If you’ve ever studied a language other than English, you know that many languages have something called “grammatical gender.”
Irish is no exception.
It’s an important concept to get your head around, because a word’s gender tells you how it will behave when it comes in contact with other words.
Gender, not sex
First, some basic terminology: In Irish, we refer to words as being “masculine” or “feminine.” This sometimes results in confusion.
In fact, often on translation forums we’ll have people request something along the lines of “a feminine form of X, because I’m a girl.”
Here’s the deal: “Gender” is not the same thing as “sex.” In fact, even when you’re talking about living creatures, a word’s grammatical gender doesn’t necessarily have anything to do with the actual sex of the person or animal being discussed. For example:
Cailín (KAL-een): “girl”: grammatically masculine
Stail (STA-il): “stallion”: grammatically feminine
That said, common sense rules the day when speaking of actual individuals. If you’re speaking of a particular girl, for example, (say, your sister), you refer to her as “her,” not as “him.”
And speaking of pronouns…
All nouns are either masculine or feminine
Unlike some languages, Irish has no “neuter” gender. Among other things, this means that there isn’t a pronoun in Irish that corresponds exactly to the English word “it.”
Because of this, you need to use the pronouns corresponding to he/she or him/her, even when speaking of inanimate objects. For example:
- Is carr é: “It’s a car.” I use the masculine pronoun é (“he”), because carr (automobile) is grammatically masculine.
- Is cláirseach í: It’s a harp.” I use the feminine pronoun í (“she”), because cláirseach (“harp”) is grammatically feminine.
Be careful when translating!
Did you notice something in the examples above? In the English, I used the neuter pronoun “it” to describe these inanimate objects, rather than directly translating the Irish é (“he”) or í (“she”).
Once again, common sense rules. Because we use “it” in English for inanimate objects, we do the same when translating from Irish to English.
Determining gender: first, the bad news
OK, up front, here’s the bad news: figuring out the gender of an Irish word isn’t as simple as it is in French or Spanish. Irish has a lot of different potential word-endings, which can make memorizing the various gender markers a bit of a challenge.
Generally speaking, it’s a good idea to note the gender of any new word when you learn the word. One easy way to do this is to attach an adjective to it. Since adjectives “lenite” after feminine nouns (i.e., the initial consonant gets a “softer” sound, denoted by a following “h”), doing this can give you a useful mnemonic.
Madra beag (MAD-ruh byug): Little dog (“madra” is masculine)
Cláirseach bheag (KLAR-shukh vyug): Little harp (“cláirseach” is feminine).
Now for the good news!
Before you get too worried, here’s lots of good news!
- Any dictionary, even the most basic, will give you a word’s gender. If you make a habit of noting the gender when you learn the word, you’ll find yourself
- There are more masculine nouns in Irish than feminine nouns. If worse comes to worse and you don’t know the gender of a particular noun, you’ll have a better-than-50% chance of getting it right if you guess masculine.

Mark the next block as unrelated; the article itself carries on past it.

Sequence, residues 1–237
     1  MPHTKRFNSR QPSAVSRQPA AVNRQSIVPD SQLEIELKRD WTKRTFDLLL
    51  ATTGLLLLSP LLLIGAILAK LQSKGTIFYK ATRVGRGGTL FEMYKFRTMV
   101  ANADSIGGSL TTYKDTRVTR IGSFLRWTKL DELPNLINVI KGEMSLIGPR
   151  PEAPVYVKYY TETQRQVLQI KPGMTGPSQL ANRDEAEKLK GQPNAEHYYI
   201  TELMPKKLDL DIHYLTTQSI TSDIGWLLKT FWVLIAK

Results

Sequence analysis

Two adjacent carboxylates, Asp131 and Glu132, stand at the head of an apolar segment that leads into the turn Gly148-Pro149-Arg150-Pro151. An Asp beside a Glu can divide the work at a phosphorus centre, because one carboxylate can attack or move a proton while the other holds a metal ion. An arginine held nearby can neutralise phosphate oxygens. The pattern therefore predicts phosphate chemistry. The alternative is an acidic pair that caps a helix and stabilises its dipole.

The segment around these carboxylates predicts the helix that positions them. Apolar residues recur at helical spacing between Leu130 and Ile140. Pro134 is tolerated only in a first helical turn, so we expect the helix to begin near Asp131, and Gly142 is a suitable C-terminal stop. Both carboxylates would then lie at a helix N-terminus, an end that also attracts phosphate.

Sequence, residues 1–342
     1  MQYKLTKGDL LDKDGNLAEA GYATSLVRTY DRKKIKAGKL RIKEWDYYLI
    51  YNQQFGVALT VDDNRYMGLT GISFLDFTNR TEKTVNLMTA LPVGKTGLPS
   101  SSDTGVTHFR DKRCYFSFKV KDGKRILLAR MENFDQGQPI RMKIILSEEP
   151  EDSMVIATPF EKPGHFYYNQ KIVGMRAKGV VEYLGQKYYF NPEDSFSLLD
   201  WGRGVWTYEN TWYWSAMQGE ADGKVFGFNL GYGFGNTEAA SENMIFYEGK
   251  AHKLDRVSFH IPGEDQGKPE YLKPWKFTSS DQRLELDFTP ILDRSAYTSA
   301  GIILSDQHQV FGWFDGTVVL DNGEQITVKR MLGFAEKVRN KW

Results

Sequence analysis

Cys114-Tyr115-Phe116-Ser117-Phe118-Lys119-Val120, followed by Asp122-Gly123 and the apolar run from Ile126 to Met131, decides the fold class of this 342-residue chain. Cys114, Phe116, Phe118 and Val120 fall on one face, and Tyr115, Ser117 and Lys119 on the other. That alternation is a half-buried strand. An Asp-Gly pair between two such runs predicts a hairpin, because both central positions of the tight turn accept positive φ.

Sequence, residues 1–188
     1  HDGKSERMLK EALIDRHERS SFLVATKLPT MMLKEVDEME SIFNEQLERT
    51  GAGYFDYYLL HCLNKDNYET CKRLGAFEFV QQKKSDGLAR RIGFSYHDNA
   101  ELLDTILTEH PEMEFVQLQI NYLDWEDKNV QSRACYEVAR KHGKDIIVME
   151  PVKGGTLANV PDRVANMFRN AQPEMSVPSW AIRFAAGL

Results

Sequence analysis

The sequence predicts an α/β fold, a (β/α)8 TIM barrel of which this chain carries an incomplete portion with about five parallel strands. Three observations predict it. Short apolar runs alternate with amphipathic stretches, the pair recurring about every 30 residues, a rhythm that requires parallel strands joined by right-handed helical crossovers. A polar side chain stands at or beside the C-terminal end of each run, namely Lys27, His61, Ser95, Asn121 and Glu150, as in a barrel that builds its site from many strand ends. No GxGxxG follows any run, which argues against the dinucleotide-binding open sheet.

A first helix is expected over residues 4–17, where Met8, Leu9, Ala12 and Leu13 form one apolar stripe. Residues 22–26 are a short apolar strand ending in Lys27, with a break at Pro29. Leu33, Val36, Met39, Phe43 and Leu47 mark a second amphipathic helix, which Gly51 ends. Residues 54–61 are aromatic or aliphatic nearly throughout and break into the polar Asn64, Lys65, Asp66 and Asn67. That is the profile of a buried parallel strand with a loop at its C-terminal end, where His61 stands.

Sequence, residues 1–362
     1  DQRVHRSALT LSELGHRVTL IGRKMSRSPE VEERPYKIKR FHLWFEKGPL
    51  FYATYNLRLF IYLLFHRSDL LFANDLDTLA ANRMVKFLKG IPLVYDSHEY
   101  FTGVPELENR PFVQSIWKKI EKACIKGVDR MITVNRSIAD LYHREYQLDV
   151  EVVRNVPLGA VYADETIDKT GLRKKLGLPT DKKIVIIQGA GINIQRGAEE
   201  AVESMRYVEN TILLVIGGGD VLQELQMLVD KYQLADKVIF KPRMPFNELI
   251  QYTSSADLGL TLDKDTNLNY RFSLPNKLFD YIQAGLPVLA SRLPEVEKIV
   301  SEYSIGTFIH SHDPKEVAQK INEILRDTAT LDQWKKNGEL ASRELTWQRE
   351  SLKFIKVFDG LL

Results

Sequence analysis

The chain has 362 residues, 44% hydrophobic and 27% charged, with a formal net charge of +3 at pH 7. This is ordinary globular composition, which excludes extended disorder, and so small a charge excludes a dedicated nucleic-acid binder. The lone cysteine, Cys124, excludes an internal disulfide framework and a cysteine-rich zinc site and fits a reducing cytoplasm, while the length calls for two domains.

- You will quickly memorize the genders of the words you use most frequently.
- Even veteran Irish speakers get it wrong sometimes.
- There are some basic guidelines that will help get you into the ballpark most of the time.
Those basic guidelines
There are exceptions to just about anything in Irish, but here are a few basic guidelines:
There is a very good chance a noun is feminine if:
- It ends in -óg or -og (for example feadóg (whistle) or fuinneog (window).
- It is a place name ending in -lann (for example bialann (restaurant) or leabharlann (library).
- It is the name of a language (for example, Gaeilge (Irish) or Fraincis (French). Interestingly, one language name that ISN’T feminine is Béarla (English). The word for “language” — teanga — is feminine also.)
- It is the name of a country (with significant exceptions, including Sasana (England) and Meiriceá (America).
- It has more than one syllable and ends in -acht or -íocht (for example: éisteacht (hearing/listening) and ríocht (kingdom/realm).
One other little guideline:
- Nouns are almost always masculine if they end in the diminutive suffix -ín or -án (even if the root word is feminine!).
The bottom line is, even though gender does matter, it’s not something you need to stress too much over.
You will get it wrong sometimes. We all do. No one will get upset or laugh at you!
You will eventually start to develop a feel for the concept, especially when it comes to frequently used words.
Just think of it as an interesting twist in the journey of language learning!
6 thoughts on “A Matter of Irish Gender”
This article was extremely helpful and well written/described. Thabk you very much. You made so thing so confusing, more understanding! Go raibh maith agat!
Go hiontach! I’m glad it helped.
I like this description of M v F and especially the phonetic pronunciation.
Is the word “tír”, although feminine, sometimes neutral.. people on islands off Donegal refer to the mainland as tír mór. It would be nice to have one exception
Thank you for commenting.
Let me find this out for you and we will post the answer here.
Thank you for your comment.
There are only two genders in Irish, masculine and feminine. Like a limited number of other Irish words, tír can be either of the genders. It is usually feminine but seems to be masculine in the Ulster dialect. Just at the end of its dictionary, there is the tiny note (Var:m) which means that it can also be masculine.